They Wondervu Café employee waiting on the group said shooters are up there in the National Forest and there are so many trails. “They are shooting up the trees, and it scares me. We come around the loop, and I think we’re going to get killed. Just give them a place to shoot.”

 

Watson said: “We are working on that. We need a shooting range. The U.S. Forest Service is working on that.” They will tie shooting-area closures to having a range, but the problem is where to put one.

 

“You don’t want one by your house or mine. We are hoping to find an old mine where land is already destroyed,” Watson said. “We put up a sign and people shot it full.”

 

Jane Wyss brought up the issue with dogs. People treat them like cattle and turn them out all day. “I called them and said I think I can handle this for six hours, but I’m not sure.” Watson said she hates for this to be the only solution, but she should call the sheriff.

 

Wyss said they are packed in there, but the neighbors who have the dogs are urban people and think they can do anything in the woods. They are going to try the bark collars. Watson said, “These are issues we’re hammering out right now.”

 

Anne Wyss said: “My issues are the motorcycles. They come down the hill and they are loud. Watson said the Sheriff put on an extra detail to let them know that Gilpin County is not the free for all it used to be.

 

Anne said the next issue is cell service. “We have none.” Elenore Andersen said that they have put up cell towers, but they haven’t connected them. They’ve got the base around it but never connected it up.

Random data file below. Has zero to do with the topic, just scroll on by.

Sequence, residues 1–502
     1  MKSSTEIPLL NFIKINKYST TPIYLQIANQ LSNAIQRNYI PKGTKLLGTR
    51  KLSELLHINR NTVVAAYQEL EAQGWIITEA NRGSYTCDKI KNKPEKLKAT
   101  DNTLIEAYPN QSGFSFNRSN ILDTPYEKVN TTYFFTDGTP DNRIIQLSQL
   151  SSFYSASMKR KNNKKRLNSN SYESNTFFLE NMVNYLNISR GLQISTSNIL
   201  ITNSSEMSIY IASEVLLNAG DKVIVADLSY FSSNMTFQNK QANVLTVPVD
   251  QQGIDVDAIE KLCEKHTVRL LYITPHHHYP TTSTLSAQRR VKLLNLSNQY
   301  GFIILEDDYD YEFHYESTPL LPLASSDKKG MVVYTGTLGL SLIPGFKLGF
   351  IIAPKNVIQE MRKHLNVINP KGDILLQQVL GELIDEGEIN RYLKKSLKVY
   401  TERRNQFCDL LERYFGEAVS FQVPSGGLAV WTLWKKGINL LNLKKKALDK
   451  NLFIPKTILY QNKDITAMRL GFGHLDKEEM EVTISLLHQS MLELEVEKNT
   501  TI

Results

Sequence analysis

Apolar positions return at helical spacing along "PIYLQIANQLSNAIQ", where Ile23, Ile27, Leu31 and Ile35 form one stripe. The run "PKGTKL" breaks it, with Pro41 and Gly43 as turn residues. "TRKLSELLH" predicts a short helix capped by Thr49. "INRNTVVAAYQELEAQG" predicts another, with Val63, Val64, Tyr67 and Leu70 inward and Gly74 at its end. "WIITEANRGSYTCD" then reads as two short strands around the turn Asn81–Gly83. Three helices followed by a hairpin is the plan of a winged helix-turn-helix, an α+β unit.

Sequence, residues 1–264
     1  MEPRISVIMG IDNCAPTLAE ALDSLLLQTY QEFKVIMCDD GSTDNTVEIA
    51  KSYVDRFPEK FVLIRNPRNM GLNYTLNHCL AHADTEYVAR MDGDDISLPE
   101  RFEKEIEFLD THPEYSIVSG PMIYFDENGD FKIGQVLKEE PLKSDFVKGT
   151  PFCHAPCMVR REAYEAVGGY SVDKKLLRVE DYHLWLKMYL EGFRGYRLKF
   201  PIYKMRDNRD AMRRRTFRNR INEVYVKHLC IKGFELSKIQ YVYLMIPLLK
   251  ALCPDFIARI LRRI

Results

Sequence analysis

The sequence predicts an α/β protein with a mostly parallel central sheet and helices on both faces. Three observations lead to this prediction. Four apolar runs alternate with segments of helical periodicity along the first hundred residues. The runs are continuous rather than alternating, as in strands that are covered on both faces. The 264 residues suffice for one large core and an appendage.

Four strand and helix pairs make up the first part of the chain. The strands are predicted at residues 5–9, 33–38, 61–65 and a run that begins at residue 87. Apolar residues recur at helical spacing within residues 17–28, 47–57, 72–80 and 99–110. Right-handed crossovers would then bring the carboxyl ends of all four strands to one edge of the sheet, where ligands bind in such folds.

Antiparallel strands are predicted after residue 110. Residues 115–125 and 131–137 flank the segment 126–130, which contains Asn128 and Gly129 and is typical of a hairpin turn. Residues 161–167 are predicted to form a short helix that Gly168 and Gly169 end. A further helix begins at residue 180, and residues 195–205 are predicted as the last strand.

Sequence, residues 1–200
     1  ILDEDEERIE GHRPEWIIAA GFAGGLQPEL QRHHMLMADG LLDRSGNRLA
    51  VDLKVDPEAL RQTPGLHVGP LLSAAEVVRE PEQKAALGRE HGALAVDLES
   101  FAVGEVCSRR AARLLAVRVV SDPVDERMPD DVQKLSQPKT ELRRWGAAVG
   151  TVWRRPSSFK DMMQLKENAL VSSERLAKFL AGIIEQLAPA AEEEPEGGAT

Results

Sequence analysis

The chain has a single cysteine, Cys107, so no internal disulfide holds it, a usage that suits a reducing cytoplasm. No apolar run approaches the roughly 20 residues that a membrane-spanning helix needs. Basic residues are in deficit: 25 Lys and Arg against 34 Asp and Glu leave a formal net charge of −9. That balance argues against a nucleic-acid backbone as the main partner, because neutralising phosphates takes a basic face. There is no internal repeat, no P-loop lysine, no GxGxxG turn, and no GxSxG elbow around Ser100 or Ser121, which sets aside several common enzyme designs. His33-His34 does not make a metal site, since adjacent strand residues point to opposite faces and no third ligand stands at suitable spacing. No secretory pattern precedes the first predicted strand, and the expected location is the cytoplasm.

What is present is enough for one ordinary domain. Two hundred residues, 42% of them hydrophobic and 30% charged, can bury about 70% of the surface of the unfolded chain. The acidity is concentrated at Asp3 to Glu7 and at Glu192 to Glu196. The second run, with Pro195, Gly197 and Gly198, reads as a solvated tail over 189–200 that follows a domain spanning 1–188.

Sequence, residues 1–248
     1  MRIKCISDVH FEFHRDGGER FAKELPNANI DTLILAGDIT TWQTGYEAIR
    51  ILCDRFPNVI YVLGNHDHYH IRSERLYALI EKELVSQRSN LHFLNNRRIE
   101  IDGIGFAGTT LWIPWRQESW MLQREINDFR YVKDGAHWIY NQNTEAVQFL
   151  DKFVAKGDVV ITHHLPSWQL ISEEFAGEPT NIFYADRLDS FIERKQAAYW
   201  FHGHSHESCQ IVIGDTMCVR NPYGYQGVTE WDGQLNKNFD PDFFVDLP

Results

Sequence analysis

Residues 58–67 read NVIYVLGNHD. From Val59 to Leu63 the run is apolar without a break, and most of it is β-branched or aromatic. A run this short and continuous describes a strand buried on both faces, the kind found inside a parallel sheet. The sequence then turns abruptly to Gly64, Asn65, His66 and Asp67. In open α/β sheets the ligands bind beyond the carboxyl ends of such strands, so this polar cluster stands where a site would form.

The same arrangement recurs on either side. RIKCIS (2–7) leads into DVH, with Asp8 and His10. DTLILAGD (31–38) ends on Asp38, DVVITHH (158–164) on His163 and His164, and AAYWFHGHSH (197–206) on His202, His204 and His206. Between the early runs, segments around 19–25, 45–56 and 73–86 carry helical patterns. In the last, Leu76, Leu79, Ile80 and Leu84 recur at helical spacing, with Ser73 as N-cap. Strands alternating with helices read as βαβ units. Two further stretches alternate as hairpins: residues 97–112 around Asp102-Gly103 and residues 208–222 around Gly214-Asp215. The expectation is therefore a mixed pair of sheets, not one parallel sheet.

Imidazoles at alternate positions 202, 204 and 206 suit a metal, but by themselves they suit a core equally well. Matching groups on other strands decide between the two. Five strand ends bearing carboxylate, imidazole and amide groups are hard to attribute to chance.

Watson said a tower went up three years ago. A lot of neighbors called and complained about it. We’re all complaining about our cell phones, but we don’t want a tower near us.

 

Deubel said they could put a tower on his property. Roland said he discovered Mountain Broadband on Mt. Thorodin and it’s reasonable. A router can be plugged in, and you only have to pay taxes on calling.

 

Linda Lehrer said she called about service, and they asked if they could put up a repeater on her land, and she said yes. She gets good service now.

 

Watson said Gilpin County is partnering with Clear Creek County on a broadband grant and will get a final proposal from them. It’s all based on return on investment for the companies, but there are things the County can do. The County is allowed to engage at some level in broadband service.

 

“We can look for grants to put up repeaters or put up miles of fiber on poles. We’re paying attention to all that. It’s such a slow process. “It’s so proprietary that it’s hard to get information, but we’re getting there,” Watson said.

 

Isenhart announced that the Board has hired a new county manager from Walsenburg. “We might be able to fold her in on this stuff too. We’ve been able to pick up some of the day to day stuff. She has a lot of experience and has been all over Colorado.”

 

Julie Shaw said, “I think you guys are doing a great job,” and the group applauded.

 

 

(Originally published in the August 10, 2017 print edition of The Mountain-Ear.)